WASHINGTON -- Whether it's an immigration deal with Mexico, a new base for U.S. soldiers in Poland or tariffs on Chinese imports, what's important to Donald Trump is that some other country will pay the bill.
The U.S. president has repeatedly boasted this month that the costs of various agreements he's struck will either be born by foreigners or will be dramatically less expensive for taxpayers than expected -- all thanks to his leadership.
He announced that 1,000 additional U.S. soldiers would rotate through Poland, though at a base built at that government's expense. Mexico, he said, will pay to dispatch 6,000 of its national guard troops to stop migrants from entering the U.S., and he's repeatedly asserted that tariffs on Chinese imports are paid by China, not U.S. consumers -- in defiance of the consensus of economists.
He's also said Mexico "has agreed to immediately begin buying" more goods from U.S. farmers, a claim Mexico denies, and boasted about a discount he says he negotiated on a new version of Air Force One. He again claimed that NATO countries are paying more for their own defense thanks to him.
It's an approach to be expected of a president who regularly describes the U.S. as a "piggy bank" raided by foreigners and who regards trade deficits as an outright financial loss, rather than an exchange of money for goods. Trump's transactional notions about foreign relations and trade augur a bumpy road ahead for the U.S. and China, with Trump aiming to meet President Xi Jinping this month at the Group of 20 summit to get trade talks back on track.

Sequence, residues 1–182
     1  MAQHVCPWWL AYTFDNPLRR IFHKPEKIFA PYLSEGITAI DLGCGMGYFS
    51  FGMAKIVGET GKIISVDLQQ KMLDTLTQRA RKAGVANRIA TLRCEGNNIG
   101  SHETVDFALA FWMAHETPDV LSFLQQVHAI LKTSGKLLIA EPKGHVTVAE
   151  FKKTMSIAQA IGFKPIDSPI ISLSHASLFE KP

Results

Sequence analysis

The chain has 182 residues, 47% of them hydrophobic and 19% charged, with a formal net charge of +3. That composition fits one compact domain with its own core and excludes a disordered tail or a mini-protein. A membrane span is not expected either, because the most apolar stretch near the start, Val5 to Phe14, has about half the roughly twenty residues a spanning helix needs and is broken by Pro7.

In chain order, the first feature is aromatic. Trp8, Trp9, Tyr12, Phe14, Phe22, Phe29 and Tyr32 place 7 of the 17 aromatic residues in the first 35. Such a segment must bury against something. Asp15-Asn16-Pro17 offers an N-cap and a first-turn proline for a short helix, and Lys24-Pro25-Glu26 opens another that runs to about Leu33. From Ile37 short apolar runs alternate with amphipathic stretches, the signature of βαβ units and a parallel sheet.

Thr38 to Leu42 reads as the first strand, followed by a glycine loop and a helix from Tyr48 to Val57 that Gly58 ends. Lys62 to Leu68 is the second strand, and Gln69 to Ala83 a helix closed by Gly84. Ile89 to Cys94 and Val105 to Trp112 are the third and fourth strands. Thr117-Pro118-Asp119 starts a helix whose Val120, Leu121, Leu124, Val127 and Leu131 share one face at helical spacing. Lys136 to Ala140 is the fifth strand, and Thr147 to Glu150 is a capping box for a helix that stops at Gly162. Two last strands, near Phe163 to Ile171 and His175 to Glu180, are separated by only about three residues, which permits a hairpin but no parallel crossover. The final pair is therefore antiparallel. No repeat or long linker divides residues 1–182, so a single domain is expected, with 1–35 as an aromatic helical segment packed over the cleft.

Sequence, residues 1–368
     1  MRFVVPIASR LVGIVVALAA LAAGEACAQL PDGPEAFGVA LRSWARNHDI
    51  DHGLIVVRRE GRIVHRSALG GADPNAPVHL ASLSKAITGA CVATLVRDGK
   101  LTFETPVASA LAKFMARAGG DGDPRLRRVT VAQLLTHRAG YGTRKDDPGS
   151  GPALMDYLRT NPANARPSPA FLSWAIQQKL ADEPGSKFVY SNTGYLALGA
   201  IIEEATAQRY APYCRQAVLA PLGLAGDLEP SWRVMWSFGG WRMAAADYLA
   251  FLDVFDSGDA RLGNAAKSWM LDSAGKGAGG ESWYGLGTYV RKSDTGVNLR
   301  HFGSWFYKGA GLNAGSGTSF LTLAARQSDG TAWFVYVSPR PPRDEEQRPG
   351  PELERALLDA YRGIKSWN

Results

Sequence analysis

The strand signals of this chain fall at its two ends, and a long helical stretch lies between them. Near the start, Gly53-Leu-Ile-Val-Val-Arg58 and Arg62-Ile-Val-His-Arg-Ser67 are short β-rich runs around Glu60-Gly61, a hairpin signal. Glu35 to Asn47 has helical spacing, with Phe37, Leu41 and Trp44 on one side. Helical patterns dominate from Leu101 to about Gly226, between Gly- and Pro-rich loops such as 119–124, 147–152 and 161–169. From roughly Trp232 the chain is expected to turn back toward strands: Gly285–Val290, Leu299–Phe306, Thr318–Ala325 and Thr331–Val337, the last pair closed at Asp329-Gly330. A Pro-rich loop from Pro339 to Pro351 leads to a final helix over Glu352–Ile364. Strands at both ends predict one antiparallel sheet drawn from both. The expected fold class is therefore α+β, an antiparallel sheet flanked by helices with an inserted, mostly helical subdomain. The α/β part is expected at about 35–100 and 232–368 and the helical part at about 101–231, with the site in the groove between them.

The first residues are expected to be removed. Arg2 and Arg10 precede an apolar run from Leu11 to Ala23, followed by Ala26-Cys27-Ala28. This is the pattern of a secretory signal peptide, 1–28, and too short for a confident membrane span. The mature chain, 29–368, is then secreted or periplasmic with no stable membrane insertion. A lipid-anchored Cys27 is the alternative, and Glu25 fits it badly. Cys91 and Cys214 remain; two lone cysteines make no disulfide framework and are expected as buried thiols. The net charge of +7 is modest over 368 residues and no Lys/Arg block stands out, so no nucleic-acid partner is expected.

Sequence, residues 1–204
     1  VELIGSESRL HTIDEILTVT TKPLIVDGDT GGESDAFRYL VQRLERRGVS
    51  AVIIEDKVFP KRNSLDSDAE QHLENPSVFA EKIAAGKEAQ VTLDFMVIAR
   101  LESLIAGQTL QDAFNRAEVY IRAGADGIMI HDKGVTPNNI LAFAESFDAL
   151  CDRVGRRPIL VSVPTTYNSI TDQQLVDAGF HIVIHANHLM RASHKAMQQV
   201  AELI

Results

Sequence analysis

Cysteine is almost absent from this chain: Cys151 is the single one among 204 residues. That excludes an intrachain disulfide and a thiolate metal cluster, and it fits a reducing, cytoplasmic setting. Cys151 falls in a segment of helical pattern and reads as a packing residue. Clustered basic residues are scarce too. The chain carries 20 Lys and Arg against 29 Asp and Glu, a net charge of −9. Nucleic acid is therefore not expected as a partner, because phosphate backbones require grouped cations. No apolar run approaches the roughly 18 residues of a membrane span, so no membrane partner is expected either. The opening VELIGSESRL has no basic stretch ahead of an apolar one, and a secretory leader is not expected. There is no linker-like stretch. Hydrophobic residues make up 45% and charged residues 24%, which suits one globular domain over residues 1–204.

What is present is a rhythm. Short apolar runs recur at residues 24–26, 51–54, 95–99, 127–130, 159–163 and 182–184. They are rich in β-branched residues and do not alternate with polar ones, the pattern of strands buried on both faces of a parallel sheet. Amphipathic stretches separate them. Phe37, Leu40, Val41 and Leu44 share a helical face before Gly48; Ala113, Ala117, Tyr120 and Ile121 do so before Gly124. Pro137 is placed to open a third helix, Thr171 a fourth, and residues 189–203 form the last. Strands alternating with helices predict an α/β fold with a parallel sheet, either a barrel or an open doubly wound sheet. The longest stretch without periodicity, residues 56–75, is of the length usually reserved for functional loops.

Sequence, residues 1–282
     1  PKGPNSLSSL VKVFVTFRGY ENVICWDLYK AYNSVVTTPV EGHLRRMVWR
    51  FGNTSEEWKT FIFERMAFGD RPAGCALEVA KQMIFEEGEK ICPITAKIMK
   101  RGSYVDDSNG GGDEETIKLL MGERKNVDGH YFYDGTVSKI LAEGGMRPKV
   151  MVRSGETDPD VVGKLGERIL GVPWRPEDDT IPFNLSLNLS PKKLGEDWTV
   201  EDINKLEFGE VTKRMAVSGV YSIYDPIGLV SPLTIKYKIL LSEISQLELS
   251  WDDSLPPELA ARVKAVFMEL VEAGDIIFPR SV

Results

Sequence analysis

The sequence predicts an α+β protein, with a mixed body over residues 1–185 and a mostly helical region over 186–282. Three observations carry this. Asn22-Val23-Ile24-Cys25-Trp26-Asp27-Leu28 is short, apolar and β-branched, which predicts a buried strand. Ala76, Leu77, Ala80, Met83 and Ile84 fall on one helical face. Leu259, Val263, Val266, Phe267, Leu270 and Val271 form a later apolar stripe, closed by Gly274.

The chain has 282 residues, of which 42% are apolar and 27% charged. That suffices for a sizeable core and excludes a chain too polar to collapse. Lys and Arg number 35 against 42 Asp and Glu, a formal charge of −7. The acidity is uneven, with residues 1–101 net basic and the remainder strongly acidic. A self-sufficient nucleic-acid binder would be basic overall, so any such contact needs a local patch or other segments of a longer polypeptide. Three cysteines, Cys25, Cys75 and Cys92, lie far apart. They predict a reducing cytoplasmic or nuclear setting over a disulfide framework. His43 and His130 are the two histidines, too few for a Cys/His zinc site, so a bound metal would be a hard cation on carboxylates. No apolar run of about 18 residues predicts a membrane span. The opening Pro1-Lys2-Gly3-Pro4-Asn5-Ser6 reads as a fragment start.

"That's very, very important for the president -- whether you're negotiating a deal or working with somebody, they have to demonstrate that commitment by demonstrating they have skin in the game," said James Jay Carafano, vice president of the Davis Institute for National Security and Foreign Policy at the Heritage Foundation, a conservative research group.
Citing dollars and cents is "just his shorthand way of describing it."
In public comments, especially as he ramps up his 2020 reelection campaign, Trump often highlights other countries paying bills and says tariffs are a "beautiful thing" that bring in more dollars to the U.S.
Trump is signaling to his supporters that "he's doing great things and the other country is paying the price. He likes that political angle," said Gary Clyde Hufbauer, a senior fellow at the Peterson Institute for International Economics. "There is precedent for it, but Trump has raised the game to a new level and I don't think any president, pre-war or postwar, has had this fixation."
With Poland, Trump on June 12 pledged 1,000 new soldiers, but not the base or infrastructure. "The Polish government will build these projects at no cost to the United States, the Polish government will pay for this," he said, while also celebrating Poland's purchases of fighter jets and natural gas.